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Variations In Shyness

Shyness appears to vary in conjunction with gender. Gender role stereotypes may play a role in the development of adolescent shyness. Shyness is considered to be a feminine trait; therefore, it is not surprising that girls report more self-conscious shyness after age eleven than boys (Simmons and Rosenberg 1975). Stereotypes make it more acceptable for girls to be shy and shyness may be a more serious problem for boys because they are expected to take the initiative in social encounters (Porteus 1979). Research also suggests cultural variation in shyness. For example, one research group (Pilkonis and Zimbardo 1979) found self-labeled shyness to be highest among samples of Japanese, Taiwanese, and Indian national groups and lowest among samples of Jewish Americans, Israelis, and Mexicans. The origin of such variation has not been determined, however.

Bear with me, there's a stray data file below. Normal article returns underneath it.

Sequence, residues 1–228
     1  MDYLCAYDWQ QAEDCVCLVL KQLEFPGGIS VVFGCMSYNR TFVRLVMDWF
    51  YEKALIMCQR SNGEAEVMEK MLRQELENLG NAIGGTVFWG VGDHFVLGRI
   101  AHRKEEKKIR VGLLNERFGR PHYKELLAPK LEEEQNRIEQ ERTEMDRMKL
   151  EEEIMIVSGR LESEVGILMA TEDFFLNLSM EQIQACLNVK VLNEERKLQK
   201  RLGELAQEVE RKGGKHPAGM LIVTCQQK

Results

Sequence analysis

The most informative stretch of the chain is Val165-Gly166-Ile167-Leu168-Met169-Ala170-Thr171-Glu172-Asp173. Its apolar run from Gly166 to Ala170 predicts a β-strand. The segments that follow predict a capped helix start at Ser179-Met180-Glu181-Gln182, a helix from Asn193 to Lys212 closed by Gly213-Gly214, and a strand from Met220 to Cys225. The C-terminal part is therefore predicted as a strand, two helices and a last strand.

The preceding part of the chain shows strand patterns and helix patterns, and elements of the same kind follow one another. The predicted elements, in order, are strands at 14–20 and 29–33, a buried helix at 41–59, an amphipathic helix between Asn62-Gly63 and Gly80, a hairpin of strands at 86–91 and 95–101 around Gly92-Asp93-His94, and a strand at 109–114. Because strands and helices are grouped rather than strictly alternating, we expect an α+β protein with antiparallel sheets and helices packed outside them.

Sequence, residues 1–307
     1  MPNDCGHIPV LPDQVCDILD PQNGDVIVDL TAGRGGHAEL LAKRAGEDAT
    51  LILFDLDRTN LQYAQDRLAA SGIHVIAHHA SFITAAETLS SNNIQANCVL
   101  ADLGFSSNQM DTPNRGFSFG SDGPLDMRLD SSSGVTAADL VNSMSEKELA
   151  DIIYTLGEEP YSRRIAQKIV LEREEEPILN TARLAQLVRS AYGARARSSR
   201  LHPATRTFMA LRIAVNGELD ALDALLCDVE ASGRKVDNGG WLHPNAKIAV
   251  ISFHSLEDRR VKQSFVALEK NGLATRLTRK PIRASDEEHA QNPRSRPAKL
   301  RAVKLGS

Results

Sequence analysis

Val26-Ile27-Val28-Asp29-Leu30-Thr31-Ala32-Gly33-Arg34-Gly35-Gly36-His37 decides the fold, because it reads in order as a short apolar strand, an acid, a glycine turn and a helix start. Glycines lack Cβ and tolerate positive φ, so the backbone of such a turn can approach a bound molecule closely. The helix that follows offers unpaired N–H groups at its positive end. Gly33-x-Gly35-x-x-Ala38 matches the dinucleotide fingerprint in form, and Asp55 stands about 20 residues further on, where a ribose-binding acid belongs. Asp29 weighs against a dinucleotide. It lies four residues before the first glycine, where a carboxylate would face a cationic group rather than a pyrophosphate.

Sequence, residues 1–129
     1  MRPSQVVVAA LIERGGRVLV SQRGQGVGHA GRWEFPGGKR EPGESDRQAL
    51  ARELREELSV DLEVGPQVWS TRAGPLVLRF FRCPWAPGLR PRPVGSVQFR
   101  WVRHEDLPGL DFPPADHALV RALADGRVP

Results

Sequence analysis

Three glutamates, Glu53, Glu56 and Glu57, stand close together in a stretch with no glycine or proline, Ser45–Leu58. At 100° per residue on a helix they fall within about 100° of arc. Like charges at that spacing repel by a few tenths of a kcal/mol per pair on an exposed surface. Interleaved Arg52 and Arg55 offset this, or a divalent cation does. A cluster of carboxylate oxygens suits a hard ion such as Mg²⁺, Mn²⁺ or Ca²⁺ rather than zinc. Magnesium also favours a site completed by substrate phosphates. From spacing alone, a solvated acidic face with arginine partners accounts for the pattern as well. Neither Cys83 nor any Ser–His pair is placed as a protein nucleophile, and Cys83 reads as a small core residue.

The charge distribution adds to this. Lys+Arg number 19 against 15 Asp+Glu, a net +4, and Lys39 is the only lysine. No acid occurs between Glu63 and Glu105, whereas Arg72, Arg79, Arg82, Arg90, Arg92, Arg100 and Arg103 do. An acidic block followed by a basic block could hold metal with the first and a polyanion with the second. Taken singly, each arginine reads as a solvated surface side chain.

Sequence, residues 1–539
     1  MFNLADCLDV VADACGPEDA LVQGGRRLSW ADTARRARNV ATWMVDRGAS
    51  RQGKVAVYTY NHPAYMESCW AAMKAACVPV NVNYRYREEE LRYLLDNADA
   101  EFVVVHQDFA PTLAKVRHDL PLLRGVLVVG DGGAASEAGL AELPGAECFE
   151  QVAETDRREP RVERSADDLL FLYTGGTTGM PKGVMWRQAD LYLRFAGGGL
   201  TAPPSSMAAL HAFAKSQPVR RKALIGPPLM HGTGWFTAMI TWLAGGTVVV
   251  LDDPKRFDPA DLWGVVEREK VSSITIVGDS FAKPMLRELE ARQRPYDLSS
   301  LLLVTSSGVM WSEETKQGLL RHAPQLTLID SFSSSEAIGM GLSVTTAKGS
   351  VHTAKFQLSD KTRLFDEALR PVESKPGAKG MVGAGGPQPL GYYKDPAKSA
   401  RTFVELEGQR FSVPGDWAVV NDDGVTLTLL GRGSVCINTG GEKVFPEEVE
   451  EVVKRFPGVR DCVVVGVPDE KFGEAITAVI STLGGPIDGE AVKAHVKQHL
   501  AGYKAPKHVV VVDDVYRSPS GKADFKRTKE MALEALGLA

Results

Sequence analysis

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Marriage and Family EncyclopediaFamily Theory & Types of FamiliesShyness - State Versus Trait Shyness, The Experience Of State Shyness, Trait Shyness, Variations In Shyness